US investment in Pakistan’s textile, technology and education sectors could help nudge the country away from terrorism. Feisal Hussain Naqvi in the Guardian:
International attention has focused on Pakistan like never before in the weeks following the Mumbai attacks. To quote Bruce Riedel, a former CIA officer and adviser to President-elect Barack Obama: “All of the world’s nightmares come together in Pakistan.”
Assuming the world does not have the option of turning its back on the country, what can it do to help Pakistan?
The short answer is that Pakistan needs economic assistance. The militant extremists who wreak havoc are, for the most part, unemployed and frustrated young men.
If the Pakistani people – as opposed to the Pakistani military – were given tangible, visible economic assistance, it would go a long way toward winning over a suspicious populace. After all, starving Pakistanis cannot eat the F-16s sold to their armed forces.
Asiya Andrabi founded the notorious moral police Dukhtaran-e-Millat (Daughters of the Faith) in Kashmir. In The Times of India, Sarmila Ganesan meets her in Srinagar:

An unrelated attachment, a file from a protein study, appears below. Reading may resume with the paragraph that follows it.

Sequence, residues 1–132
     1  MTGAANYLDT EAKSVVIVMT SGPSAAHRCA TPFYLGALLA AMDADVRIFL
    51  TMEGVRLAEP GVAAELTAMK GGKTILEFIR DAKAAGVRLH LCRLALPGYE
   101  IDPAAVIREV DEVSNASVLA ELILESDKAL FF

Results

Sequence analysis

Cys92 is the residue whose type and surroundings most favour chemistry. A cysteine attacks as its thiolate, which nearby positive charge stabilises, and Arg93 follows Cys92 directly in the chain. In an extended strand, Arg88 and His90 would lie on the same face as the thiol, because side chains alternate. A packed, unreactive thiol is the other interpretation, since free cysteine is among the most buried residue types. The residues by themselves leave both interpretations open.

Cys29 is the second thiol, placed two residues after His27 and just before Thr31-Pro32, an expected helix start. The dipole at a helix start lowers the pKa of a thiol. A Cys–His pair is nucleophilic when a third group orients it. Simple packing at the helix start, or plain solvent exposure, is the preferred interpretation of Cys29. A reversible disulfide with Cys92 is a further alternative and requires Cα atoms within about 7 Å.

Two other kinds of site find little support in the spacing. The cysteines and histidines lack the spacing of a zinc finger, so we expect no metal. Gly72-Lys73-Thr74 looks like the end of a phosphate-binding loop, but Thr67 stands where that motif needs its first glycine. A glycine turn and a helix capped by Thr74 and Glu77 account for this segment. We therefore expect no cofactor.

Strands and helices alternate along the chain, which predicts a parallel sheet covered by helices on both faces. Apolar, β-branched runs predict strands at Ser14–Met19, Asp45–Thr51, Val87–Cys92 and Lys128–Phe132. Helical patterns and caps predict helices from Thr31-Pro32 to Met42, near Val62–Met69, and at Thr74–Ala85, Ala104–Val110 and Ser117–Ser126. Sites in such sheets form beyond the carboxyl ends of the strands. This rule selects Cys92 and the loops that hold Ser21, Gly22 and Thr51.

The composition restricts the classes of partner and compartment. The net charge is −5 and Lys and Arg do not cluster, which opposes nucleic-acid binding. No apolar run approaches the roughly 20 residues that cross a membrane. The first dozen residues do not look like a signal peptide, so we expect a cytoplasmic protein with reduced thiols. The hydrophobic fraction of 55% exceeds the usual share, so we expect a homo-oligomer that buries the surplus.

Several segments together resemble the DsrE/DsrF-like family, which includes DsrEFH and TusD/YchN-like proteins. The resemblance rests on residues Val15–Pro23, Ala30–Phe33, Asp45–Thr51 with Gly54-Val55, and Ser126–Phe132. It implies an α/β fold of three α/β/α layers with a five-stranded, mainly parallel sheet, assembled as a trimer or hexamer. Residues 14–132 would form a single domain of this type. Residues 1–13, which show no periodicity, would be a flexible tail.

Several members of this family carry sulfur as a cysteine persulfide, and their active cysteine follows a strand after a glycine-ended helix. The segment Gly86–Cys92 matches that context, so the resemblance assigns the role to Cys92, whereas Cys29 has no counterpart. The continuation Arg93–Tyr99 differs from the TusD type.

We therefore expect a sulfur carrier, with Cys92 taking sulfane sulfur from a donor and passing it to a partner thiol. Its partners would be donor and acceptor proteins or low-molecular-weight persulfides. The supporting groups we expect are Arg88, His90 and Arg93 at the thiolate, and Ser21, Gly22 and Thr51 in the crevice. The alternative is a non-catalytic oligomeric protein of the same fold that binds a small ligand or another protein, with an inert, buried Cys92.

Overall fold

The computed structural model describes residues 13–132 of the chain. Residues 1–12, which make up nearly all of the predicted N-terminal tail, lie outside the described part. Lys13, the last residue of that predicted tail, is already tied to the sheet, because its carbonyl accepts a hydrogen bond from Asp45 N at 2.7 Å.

When Asiya Andrabi first went to buy a burqa at the age of 19, the shopkeeper told her she was too young for one. He didn’t even stock much burqa material then as it was hardly in demand. Today, seated in her in-laws’ home in downtown Srinagar, covered from head to toe in a thick black burqa, the 45-year-old says things are different now. In many ways, she feels responsible for this change. “Islam has instructed women to cover themselves completely,” says Andrabi, who is wearing white gloves and dark glasses too. A few years ago, Andrabi, along with other burqa-clad women, had sprayed “harmless” paint on the faces of Muslim women who were not veiled. Subsequently, she was arrested. For being a threat to national security.
“What has morality got to do with a country’s security?” asks Andrabi, president of a separatist organisation she formed in 1981 called Dukhtaran-e-Millat (Daughters of the Faith), which was banned in 2002 under the Prevention of Terrorism Act. She believes that Kashmir is a part of Pakistan.